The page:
Gordon Campbell | Parliament TV | Parliament Today | News Video | Crime | Employers | Housing | Immigration | Legal | Local Govt. | Maori | Welfare | Unions | Youth | Search

 


Communities should share in extraction royalties

Local government says communities should share in extraction royalties

Local Government New Zealand (LGNZ) has come out strongly seeking a policy change for the distribution of a share of royalties from mineral, oil and gas extraction to the communities where the activity takes place.

The Government receives hundreds of millions of dollars in royalty payments for oil, gas, coal and mineral extraction. In the five years to 2012, $1.69 billion was paid to the Crown in royalties from petroleum production and $49.85 million was paid in royalties from mineral production including coal.

LGNZ argues that the regions where the extraction occurs do not receive a direct share of these funds. Instead local authorities are required to pay for the local roads, services and amenities that enable extraction and support these industries, and to build a future for the region beyond the end of mining.

LGNZ President Lawrence Yule says local authorities also face environmental management costs for consenting, compliance, state of the environment monitoring and plan making.

“This is an important policy matter for our regions and their economies. The development of a ‘local share’ programme would support communities and regions, similar to the way the successful Royalties for Regions local share initiative in Western Australia has recognised the growth and pressure extractive industries place on a region.”

Hauraki District Mayor John Tregidga, chair of the LGNZ working party on royalties sharing, says that while mining and exploration creates jobs for communities, these industries have impacted Waikato by creating pressure on infrastructure.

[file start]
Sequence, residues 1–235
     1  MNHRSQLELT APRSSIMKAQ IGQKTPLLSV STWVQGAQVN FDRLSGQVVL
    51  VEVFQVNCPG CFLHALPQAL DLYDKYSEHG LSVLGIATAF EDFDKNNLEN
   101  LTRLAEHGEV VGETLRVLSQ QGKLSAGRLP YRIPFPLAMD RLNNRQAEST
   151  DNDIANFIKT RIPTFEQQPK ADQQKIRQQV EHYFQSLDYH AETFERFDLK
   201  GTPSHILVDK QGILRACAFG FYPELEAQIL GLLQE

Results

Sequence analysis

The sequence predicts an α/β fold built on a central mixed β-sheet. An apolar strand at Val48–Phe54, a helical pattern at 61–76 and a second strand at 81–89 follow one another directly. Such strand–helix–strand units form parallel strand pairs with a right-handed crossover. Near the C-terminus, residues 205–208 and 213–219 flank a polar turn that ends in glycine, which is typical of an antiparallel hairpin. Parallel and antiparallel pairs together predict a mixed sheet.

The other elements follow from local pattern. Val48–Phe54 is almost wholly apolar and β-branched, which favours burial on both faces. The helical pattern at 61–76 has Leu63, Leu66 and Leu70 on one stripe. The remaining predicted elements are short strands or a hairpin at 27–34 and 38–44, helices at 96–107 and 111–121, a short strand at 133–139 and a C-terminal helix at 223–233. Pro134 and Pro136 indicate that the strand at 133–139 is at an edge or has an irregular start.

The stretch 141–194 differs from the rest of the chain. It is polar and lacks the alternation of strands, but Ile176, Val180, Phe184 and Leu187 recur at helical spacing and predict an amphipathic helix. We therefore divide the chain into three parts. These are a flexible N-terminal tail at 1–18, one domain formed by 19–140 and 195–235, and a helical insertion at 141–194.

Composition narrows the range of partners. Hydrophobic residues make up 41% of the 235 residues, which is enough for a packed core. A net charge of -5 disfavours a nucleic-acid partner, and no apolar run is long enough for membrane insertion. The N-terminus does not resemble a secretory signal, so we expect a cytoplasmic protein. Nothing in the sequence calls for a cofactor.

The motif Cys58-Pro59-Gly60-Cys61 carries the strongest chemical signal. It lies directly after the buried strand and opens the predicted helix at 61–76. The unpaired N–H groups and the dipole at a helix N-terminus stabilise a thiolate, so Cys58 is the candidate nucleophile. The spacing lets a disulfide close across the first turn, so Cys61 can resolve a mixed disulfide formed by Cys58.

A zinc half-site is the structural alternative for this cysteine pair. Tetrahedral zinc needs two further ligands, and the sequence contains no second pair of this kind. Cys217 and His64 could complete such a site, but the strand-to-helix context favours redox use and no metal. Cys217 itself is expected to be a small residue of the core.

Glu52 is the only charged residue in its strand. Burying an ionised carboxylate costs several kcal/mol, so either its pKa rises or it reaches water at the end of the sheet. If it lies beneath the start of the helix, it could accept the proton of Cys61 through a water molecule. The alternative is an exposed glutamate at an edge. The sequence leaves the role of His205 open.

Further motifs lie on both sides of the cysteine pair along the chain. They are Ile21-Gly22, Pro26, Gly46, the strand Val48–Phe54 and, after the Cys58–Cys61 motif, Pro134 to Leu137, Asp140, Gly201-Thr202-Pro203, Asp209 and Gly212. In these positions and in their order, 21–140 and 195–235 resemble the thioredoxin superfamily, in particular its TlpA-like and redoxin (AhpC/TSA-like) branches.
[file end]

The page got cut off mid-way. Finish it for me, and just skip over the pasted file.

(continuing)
“Royalty sharing would provide us with much-needed funding towards the additional infrastructure costs we face to support the presence of extraction industries, as well as the extra council staff time involved in compliance and consenting,” Mayor Tregidga says.

“This could increase further with new mining and exploration projects pending in Waikato. A local share programme would strengthen regional development for the benefit of our and other regional economies.”

“Investment in regions from royalties will also help the resilience of communities post mining. This is critical in boom and bust industries.”

Gisborne is another example of a community facing massive bills to upgrade its roads if oil and gas exploration proves successful in the region. TAG Oil is currently seeking to extract 14 billion barrels of oil from the East Coast Basin that would result in around $1400 billion in gross revenue and hundreds of millions in royalties.

“For the mining industry to be successful, Gisborne’s roads and bridges need to be updated and water tables improved – who will pay for that?” Gisborne Mayor Meng Foon says.